Correctly applying many modern building materials requires reading and understanding architectural drawings and the product manufacturer’s instructions and warnings. For example, waterproofing around windows must be integrated with the fins of the windows and the surrounding weather barrier to be waterproof. Architects often provide details in the plans. Manufacturers provide installation instructions, which, if followed, will usually mean that a window will not leak. But sometimes, the workers who install these parts do not have access to the drawings or are not trained in these precise building methods and “mis-lap” waterproofing materials. Instead of shedding water to the outside, it is directed into the building.


            Sealants used to waterproof windows must be compatible with the materials they touch. Unfortunately, some sealants are incompatible with adjacent materials, and instead of providing a watertight joint, they degrade the waterproofing. Other sealants are incompatible with materials used to “firestop” penetrations in walls. Sealants not compatible with the CPVC pipe used for sprinkler systems, for example, can degrade the pipe, which will eventually cause it to fail. Today, it is popular to design balconies on residential buildings with supporting beams enclosed by a soffit. This looks good, but it can also trap moisture in the beams, which promotes rot. In addition, water can enter the enclosed space when the joint where the balcony adjoins the building is not correctly waterproofed.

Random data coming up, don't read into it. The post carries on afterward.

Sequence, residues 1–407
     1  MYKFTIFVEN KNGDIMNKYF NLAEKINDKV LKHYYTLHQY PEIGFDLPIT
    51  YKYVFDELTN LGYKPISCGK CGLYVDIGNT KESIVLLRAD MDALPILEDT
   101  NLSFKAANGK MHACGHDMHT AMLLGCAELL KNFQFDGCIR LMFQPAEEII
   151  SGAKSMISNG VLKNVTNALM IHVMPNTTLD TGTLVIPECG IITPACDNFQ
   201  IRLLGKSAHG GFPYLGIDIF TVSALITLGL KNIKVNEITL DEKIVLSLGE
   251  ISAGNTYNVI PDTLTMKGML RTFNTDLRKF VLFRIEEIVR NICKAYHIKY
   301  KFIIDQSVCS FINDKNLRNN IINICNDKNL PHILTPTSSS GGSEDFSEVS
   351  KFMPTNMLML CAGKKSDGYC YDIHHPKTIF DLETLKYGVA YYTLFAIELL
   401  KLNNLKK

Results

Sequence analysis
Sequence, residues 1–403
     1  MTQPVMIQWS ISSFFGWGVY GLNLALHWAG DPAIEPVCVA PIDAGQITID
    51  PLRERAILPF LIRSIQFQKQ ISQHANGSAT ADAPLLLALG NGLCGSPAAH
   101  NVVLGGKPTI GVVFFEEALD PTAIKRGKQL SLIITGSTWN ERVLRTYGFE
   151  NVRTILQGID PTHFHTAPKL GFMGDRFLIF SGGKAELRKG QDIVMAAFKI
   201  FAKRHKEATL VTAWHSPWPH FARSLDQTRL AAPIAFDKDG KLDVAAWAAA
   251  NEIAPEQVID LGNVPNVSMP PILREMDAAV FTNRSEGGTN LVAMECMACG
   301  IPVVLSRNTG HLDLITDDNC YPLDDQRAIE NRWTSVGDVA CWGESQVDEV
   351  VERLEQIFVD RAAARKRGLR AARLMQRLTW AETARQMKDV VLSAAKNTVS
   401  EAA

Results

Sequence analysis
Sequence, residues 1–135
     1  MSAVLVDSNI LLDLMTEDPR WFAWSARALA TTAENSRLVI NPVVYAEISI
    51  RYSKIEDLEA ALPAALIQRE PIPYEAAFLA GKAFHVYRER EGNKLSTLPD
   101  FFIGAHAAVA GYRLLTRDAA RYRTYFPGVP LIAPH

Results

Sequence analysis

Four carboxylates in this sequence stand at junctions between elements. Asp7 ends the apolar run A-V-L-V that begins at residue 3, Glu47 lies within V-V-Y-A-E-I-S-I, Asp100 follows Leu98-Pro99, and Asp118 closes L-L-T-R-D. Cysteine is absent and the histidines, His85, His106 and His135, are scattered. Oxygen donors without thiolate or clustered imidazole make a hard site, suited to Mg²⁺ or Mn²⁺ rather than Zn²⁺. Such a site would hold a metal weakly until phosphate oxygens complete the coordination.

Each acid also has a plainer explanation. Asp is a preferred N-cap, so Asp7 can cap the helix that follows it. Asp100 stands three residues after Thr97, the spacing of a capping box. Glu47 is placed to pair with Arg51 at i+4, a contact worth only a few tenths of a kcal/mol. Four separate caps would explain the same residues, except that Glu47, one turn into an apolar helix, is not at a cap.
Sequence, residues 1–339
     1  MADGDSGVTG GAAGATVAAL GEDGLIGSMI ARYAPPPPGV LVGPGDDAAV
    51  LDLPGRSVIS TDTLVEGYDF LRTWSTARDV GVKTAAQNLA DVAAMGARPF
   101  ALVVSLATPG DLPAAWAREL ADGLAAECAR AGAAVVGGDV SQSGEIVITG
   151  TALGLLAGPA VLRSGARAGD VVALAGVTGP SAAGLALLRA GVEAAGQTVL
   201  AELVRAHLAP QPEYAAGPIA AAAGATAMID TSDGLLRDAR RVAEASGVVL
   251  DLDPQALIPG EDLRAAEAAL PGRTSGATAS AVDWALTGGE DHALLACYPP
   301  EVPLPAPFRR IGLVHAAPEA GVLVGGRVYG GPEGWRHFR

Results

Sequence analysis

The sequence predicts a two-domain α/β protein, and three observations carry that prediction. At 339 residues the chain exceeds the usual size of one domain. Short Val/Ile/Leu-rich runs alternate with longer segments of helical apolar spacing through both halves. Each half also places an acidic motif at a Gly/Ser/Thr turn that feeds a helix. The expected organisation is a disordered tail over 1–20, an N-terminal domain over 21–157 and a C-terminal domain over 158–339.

Suppose this is known to the manufacturers of these products, and they publish guidelines for their materials, which are incorporated into drawings and specifications by project architects. Then why do we find defects in building construction? Again, the training of the workers who must install these products needs to be improved, and the on-site quality control needs to be more consistent. Moreover, labor sourced from a parking lot is likely not union trained. Construction labor unions have well-known training programs for apprentices that can turn out skilled workers in various trades. That training includes instruction on following the manufacturer’s guidelines and architectural details. But union-trained labor is avoided to reduce costs or is unavailable in enough numbers.